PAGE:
When we think of our social networks these days, we usually don't include that girl with the pink mat in yoga class or the man with the blue backpack you see on your morning commute. But according to new research, you and so-called "familiar strangers"—that is, people you see all the time but never talk to—are all part of a real-life hidden social network that could be beneficial to all parties and could also help epidemiologists understand how disease spreads.
The concept of a "familiar stranger" isn't new. The term was first coined in the 1970s to describe people whom you see on a regular basis but never talk to or know anything about. Chances are that if you go to work at the same time every day and ride the same bus every day, you'll begin to notice that people will look similar. The same logic applies to people who, like yourself, hit the gym in the evening, people who shop at the same grocery store and whom you always see in the frozen aisle. You know each other — even if you don't really know each other.
But as Scientific American's Sarah Fecht notes, these informal networks have never really been studied despite scientists' belief that they are important to the way contemporary society works. Enter Lijun Sun and the team at the Future Cities Laboratory in Singapore, with the first study to map out these "familiar strangers" in a metropolitan area. The study looked at 30 million bus trips taken by 2.9 million people. Thanks to smart-card technology, the researchers were able to pinpoint who is riding where, when, and with whom.
What they were looking for were two people on the same bus at the same time, which they called "in-vehicle encounters." They found 18 million of these pairings, repeated roughly once every 24 hours, further discovering that 85 percent of the encounters occurred in the morning. That means that all those random people on the bus with you aren't that random, and that people were a part of solidified social webs they might not have been fully aware of. It also means that people who have routines and are creatures of habit potentially open themselves up to more social opportunities.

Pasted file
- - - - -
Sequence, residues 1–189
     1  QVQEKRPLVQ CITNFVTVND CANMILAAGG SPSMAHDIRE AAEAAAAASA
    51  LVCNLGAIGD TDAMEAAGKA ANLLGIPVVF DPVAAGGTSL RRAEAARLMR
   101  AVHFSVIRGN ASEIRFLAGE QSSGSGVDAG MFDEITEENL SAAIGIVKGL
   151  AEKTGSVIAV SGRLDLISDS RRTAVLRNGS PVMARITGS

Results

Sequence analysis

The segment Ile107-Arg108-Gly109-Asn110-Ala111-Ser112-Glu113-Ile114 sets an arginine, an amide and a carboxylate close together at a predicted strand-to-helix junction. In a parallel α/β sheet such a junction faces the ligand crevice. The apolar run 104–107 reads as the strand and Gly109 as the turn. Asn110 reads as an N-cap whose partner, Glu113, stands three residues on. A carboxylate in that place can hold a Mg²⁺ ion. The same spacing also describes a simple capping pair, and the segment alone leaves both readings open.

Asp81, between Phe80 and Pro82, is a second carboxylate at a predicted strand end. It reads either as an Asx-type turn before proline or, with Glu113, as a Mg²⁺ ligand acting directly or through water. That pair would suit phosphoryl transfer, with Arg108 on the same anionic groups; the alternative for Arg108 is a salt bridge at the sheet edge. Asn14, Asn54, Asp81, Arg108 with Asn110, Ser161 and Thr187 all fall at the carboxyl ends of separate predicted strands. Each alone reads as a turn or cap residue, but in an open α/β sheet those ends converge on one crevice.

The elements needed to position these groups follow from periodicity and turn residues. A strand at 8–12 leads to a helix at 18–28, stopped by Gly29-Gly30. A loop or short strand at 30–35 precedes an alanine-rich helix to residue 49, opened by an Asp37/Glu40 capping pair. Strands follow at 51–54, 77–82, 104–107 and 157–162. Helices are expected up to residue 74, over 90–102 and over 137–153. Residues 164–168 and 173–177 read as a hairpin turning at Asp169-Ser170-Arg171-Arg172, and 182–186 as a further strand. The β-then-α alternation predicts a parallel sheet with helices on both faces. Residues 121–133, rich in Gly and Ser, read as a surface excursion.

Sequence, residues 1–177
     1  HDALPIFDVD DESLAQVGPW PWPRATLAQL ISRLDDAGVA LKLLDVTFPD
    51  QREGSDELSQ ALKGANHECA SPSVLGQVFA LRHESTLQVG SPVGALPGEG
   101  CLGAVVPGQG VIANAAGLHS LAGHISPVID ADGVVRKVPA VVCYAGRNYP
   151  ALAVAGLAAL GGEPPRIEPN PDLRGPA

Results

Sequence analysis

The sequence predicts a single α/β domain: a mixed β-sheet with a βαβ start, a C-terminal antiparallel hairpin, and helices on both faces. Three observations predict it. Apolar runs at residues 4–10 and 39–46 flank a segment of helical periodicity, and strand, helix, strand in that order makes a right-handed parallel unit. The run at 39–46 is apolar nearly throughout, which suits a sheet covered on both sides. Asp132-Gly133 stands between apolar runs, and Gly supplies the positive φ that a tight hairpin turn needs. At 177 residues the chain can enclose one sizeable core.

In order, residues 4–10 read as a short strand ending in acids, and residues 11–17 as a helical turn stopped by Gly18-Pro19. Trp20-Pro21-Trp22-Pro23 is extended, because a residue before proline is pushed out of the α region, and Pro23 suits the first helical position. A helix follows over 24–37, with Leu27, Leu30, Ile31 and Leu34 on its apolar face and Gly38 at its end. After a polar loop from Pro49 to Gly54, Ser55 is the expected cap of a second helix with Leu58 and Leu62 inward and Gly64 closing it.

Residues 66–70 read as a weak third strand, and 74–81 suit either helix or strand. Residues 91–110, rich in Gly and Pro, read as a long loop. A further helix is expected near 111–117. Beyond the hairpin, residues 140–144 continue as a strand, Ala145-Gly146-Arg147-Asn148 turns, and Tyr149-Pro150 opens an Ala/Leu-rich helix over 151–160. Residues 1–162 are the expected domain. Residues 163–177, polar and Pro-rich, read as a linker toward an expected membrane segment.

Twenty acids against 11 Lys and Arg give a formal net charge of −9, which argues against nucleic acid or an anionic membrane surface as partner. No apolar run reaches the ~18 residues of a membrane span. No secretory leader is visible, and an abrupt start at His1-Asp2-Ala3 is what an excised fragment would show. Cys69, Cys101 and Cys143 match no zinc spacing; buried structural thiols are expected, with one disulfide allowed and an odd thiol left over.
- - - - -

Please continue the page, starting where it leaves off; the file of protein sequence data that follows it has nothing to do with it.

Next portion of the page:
"In the end, every Singaporian on the bus is linked to every other Singaporian on the bus," Kay Axhausen, a transport planner with the Federal Institute of Technology in Zurich and one of the authors on the study, told Fecht. "Clearly they can’t know all each other personally, but when you construct the networks for each person, all over these networks link up," Axhausen added.
That's all good news if you, say, want to ask your morning commute crush out on a date. Show up often enough, and you'll eventually become recognizable. There are some scientific benefits as well, according to Scientific American's Fecht:
The results could have implications for predicting the spread of disease through urban areas. “[T]he microorganisms that can spread from person to person and cause disease don't care whether we, their hosts, know each other or not,” Marcel Salathé, a biologist at Penn State University who was not involved in the new study, wrote in an email toScientific American. Although we tend to think of diseases as spreading through friendship and family ties, he says, it’s important to consider all the routes of transmission, including through networks of strangers. “If you know the structure of these networks, you can much better understand and predict how an epidemic is going to unfold, and who should be given priority with respect to intervention strategies.”
All of this science leads to one conclusion: we should be thankful for our "familiar strangers." That is, unless they're inherently creepy or harboring a virulent new disease.
This article is from the archive of our partner The Wire.
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